When I was a boy and lost just about every sporting event I tried, my father told me, “What counts isn’t whether you win or lose but how you play the game.”
Most parents told their kids this. It was part of the American creed. But I doubt Fred Trump passed on the same advice to little Donald, who seems to have learned the exact opposite: It’s not how you play the game but whether you win or lose.
If there’s one idea that summarizes Donald Trump — his character, temperament, career, business strategy, politics and worldview — it’s winning at any cost.
That’s the art of the deal.
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The worst insult Trump can hurl is to say someone’s a “loser.” The only thing he can say about himself — and he says it over and over — is “I’m a winner.”
If his ancestors hadn’t changed the family name from Drumpf to Trump, Donald would have had to change it, because the central goal of Donald’s life has been trumping others. Playing the game well or honorably is irrelevant.
This approach to life didn’t cause too much damage when Trump was wheeling and dealing in real estate (although don’t tell that to workers left holding the bag when Trump’s casino went bust, or to people who lost homes when Trump used the power of eminent domain to displace them). But now that he is the presumed Republican nominee for the highest office in the land, this view is outright dangerous.
Government is about process. Democracy is about law. The Constitution establishes the rules of the game. A tacit social contract binds us all.
So when, as the presumed Republican presidential nominee, Trump says a federal judge who’s considering a case against him is a “disgrace” and a “hater” who shouldn’t be hearing the case because the judge’s parents were Mexican, he’s doing more than insulting a member of the judiciary. He’s attacking our legal system.
When Trump spreads baseless conspiracy theories — that vaccinations cause autism, for example, or that a recently deceased justice of the Supreme Court might have been murdered — he’s not only fueling fear. He’s sowing distrust about the integrity of our governing system.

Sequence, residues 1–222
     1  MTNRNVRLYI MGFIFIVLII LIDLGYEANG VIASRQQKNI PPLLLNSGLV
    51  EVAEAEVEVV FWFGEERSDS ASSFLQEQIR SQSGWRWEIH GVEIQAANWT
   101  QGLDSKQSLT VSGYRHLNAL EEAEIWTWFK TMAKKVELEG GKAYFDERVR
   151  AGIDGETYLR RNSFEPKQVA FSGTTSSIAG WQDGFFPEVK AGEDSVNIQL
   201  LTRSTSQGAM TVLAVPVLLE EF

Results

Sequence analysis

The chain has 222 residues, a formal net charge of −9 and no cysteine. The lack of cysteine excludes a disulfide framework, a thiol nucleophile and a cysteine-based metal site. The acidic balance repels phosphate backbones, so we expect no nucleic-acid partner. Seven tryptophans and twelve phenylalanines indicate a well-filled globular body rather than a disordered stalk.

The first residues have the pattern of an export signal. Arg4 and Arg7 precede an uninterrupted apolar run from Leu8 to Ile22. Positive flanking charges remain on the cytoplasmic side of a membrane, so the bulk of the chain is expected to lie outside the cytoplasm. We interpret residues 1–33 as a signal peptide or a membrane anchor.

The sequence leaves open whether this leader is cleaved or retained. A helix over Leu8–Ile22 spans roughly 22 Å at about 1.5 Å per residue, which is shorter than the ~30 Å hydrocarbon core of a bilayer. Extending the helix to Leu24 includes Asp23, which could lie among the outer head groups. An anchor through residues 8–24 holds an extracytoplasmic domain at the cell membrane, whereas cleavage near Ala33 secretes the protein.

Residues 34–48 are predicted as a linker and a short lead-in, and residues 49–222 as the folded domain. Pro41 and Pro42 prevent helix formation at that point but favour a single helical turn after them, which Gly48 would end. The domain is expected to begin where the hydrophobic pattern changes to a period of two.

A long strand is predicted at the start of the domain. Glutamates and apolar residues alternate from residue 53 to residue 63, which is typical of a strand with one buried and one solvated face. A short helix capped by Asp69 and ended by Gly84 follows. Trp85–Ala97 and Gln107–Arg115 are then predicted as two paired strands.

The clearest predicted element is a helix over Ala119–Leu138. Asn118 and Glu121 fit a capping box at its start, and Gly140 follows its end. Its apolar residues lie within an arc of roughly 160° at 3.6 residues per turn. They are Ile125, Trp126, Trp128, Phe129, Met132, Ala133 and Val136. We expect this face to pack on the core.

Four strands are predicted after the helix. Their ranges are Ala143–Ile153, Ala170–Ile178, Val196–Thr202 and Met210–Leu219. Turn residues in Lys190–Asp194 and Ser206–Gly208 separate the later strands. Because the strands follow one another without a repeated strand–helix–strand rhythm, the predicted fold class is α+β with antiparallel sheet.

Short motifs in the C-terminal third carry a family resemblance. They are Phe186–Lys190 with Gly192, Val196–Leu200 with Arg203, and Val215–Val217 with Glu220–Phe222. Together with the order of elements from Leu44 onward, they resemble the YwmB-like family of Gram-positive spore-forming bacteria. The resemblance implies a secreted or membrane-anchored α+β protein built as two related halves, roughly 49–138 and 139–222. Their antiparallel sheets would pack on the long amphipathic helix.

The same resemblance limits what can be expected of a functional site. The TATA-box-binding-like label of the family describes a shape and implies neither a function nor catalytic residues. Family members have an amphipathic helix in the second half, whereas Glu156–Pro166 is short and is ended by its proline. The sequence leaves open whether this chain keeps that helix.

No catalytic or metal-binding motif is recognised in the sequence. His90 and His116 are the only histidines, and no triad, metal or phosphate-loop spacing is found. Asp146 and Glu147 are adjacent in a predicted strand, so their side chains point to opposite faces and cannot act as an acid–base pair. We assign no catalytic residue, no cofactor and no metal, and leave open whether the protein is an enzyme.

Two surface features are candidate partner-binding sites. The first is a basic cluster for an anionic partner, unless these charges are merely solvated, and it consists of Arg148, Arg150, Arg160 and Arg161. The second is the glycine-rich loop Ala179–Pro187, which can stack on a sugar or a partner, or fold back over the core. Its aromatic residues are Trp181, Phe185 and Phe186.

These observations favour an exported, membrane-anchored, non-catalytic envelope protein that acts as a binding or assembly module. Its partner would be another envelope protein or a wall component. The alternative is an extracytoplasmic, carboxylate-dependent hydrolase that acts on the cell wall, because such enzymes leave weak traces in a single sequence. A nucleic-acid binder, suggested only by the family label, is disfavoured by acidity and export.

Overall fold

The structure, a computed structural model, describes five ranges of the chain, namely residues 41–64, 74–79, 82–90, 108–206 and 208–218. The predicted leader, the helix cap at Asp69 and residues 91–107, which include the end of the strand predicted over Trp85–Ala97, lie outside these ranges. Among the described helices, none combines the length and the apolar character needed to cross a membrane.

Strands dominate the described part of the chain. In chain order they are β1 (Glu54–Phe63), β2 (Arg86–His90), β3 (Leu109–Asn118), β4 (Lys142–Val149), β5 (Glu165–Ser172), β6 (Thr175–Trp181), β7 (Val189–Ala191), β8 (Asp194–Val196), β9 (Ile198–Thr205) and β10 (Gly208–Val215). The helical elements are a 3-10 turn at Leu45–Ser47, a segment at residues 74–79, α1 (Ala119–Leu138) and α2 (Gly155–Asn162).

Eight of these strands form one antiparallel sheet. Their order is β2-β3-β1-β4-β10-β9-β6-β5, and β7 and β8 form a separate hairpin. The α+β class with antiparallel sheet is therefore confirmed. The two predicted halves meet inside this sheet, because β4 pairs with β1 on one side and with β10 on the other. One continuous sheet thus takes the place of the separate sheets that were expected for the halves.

When Trump threatens his critics, saying he’ll “loosen” federal libel laws to sue news organizations and unleash federal regulators on those who oppose him, he’s not just bullying. He’s endangering our democracy.
And when Trump foments bigotry, demanding that people of a certain faith not be allowed into the United States, or claiming without any evidence that “thousands and thousands” of Muslim Americans in New Jersey celebrated the collapse of the Twin Towers on 9/11 , he’s not just telling lies. He’s threatening the social contract that binds us together.
If governing is not done correctly and respectfully, the entire system we rely on is weakened. The candidate or public official may win some short-term victories but at the expense of all future players.
Trump is the extreme, but his candidacy is the logical culmination of years of win-at-any-cost politics.
If any single public official is responsible for starting us down this bleak road, it’s Newt Gingrich — who, not incidentally, is on Trump’s list for vice presidential picks.
Gingrich scolded Trump for his recent comment about the federal judge, but Gingrich’s approach to politics has been almost as divisive and destructive.
After Gingrich became speaker of the House in 1995, Washington was transformed from a place where legislators sought common ground into a war zone. Compromise was replaced by brinkmanship, bargaining by obstruction.
According to respected political scientists Norman Ornstein and Thomas Mann, “the forces Gingrich unleashed destroyed whatever comity existed across party lines, activated an extreme and virulently anti-Washington base — most recently represented by Tea Party activists — and helped drive moderate Republicans out of Congress.”
Under Gingrich’s lead, House Republicans closed down the government when they didn’t get their way on the budget. Then they voted to impeach Bill Clinton.
Gingrich left the House under a cloud, but his legacy lived on.
House Republicans shut down government again in 2011 in a dispute over raising the federal debt ceiling — which could have triggered a government default and risked the creditworthiness of the United States.
Gingrich himself has continued down his destructive path. In the presidential campaign of 2012, he even asserted that public officials aren’t bound to follow the decisions of federal courts.
Trump’s attack on a particular federal judge is tame compared to this.
Winning by weakening our system of government is heinous. So why are Republican voters prepared to make Trump president?
Maybe it’s because so many of them have been losing economic ground for so long they want a winner on their side, even if that winner sacrifices democracy along the way.
They are deluded. The only real hope for positive change is to make democracy stronger, not weaker. The Trump bandwagon is marching down the road to tyranny.